Joyce Bucklin doesn’t remember submitting her recipe for Hot Water Pie Crust to Perkins restaurant, but it wound up in the company’s charitable cookbook that’s on sale now.

Joyce Bucklin doesn’t remember submitting her recipe for Hot Water Pie Crust to Perkins restaurant, but it wound up in the company’s charitable cookbook that’s on sale now.

“I must have picked up a coupon at Perkins and sent it in,” said the Chatham woman, who often eats at the Perkins Restaurant & Bakery in Parkway Pointe, Ill., with her husband, N.J.

The restaurant chain was putting together a cookbook called “Celebrate Cooking” in honor of its 50th anniversary this year. It asked customers throughout the nation to send in their favorite recipes.

Pie dough recipes usually emphasize the need for very cold water, but Bucklin, 82, has been making her Hot Water Pie Crust with excellent results since the 1950s.

“I don’t know where I got it, but this is the one I always use. When I used to roll piecrust, it used to break on me. This one is so easy. It’s soft and you just press it into the pan,” she said.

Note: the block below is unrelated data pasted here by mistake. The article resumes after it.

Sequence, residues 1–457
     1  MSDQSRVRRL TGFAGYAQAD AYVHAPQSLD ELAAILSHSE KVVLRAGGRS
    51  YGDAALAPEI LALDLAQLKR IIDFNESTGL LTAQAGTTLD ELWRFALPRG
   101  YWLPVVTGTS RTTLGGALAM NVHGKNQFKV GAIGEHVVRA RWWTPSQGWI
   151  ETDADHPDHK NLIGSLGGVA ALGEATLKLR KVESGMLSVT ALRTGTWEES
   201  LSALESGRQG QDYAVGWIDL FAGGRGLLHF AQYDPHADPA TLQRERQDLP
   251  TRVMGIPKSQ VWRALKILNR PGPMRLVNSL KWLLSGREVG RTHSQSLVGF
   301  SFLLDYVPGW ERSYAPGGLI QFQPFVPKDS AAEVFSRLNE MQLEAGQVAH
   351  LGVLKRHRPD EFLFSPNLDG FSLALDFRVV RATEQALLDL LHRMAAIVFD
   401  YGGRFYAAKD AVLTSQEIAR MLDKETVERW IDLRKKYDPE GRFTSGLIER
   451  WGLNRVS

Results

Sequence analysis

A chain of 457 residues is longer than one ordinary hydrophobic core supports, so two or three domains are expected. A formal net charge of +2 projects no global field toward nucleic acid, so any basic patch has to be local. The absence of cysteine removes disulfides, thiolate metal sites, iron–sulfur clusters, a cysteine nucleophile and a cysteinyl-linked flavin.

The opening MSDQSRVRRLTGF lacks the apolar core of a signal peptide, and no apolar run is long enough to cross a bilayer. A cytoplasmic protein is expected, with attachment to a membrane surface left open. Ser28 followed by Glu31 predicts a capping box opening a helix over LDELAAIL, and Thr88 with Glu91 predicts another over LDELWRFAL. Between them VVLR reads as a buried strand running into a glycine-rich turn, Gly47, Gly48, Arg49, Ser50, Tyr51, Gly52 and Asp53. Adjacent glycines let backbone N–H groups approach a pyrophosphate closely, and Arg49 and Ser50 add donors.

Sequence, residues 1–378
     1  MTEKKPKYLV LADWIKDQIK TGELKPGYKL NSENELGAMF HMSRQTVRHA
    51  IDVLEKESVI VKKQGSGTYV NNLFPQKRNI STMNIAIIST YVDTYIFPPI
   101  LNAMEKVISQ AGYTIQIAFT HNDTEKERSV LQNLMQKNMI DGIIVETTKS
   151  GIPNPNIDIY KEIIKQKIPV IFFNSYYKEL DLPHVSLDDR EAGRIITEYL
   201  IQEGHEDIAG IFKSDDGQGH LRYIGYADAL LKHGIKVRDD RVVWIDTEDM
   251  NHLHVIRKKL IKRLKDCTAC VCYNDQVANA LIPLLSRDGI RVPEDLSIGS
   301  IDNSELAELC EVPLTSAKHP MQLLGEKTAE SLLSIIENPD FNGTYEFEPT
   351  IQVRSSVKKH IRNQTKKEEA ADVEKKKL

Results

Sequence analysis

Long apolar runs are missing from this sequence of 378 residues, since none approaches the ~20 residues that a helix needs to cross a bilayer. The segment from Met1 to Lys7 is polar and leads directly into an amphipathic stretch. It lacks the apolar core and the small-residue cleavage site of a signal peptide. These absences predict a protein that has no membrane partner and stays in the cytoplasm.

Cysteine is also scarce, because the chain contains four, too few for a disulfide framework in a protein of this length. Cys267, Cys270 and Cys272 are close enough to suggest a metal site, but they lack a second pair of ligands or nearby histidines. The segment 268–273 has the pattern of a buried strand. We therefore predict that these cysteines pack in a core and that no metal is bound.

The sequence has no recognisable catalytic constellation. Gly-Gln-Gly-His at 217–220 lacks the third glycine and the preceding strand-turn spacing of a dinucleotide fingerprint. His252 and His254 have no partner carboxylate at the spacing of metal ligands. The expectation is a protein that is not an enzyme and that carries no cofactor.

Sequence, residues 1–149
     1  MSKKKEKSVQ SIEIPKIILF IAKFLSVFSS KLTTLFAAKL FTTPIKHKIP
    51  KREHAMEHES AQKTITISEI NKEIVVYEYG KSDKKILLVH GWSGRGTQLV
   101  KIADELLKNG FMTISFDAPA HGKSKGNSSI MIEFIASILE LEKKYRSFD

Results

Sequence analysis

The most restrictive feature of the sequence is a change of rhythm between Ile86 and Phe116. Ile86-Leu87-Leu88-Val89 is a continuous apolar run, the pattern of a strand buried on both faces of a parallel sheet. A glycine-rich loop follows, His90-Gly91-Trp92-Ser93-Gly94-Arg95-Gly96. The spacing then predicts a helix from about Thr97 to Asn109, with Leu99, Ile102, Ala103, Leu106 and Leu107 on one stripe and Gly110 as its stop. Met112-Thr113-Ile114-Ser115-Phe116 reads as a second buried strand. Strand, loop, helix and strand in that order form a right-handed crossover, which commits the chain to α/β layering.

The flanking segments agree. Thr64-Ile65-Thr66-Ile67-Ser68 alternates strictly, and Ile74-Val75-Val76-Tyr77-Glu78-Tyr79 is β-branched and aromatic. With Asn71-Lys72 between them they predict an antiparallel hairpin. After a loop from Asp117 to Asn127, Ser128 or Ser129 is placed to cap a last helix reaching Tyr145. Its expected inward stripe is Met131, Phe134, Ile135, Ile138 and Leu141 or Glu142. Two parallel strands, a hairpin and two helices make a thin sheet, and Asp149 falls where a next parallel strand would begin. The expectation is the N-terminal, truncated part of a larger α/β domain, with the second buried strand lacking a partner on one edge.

The 124-page “Celebrate Cooking” cookbook has an assortment of recipes, from raspberry scones and barbecued brisket sandwiches to pumpkin cookies and banana pudding. It sells for $18.99 at Perkins. Some of the profits go to a children’s charity called Give Kids the World.

Erin Tomlin, a manager at the Parkway Pointe Perkins, wasn’t aware that page 119 of the cookbook carried a submission from one of her customers.

“That’s all right,” she said when she found out.

Bucklin received a letter from Perkins a few months ago requesting permission to print the recipe she had submitted. She didn’t get any money for it, but the company sent her a copy of the cookbook.

“I’m very pleased and flattered,” she said.

She warns not to add flour to the recipe because it will toughen the dough.

“When you hand-press it into the pan, it doesn’t have to look nice. It will raise up when it cooks.”

Bucklin uses the dough for both single- and double-crust recipes. Her favorites are apple, blueberry, peach and pumpkin.

“Crimp the edges like you would do for any other kind of crust,” she advised. “It’s a good pie crust, crunchy good.”

Her recipe:

Hot Water Pie Crust

1/4 cup hot water
1/2 cup shortening
Dash of salt
1 1/2 cups flour
1/2 teaspoon baking powder
Pie filling of your choice

In large bowl, mix hot water, shortening and salt. Add flour and baking powder. Mix by hand until well combined. Divide into 2 portions.

Press 1 portion by hand into 8-inch pie plate. Do not add any additional flour. Pour in pie filling. If making a 2-crust pie, put remainder of dough on piece of foil and press into size of pie plate. Turn upside down and place on top of pie. Gently remove foil.

Makes 2 pie shells.

Kathryn Rem can be reached at kathryn.rem@sj-r.com.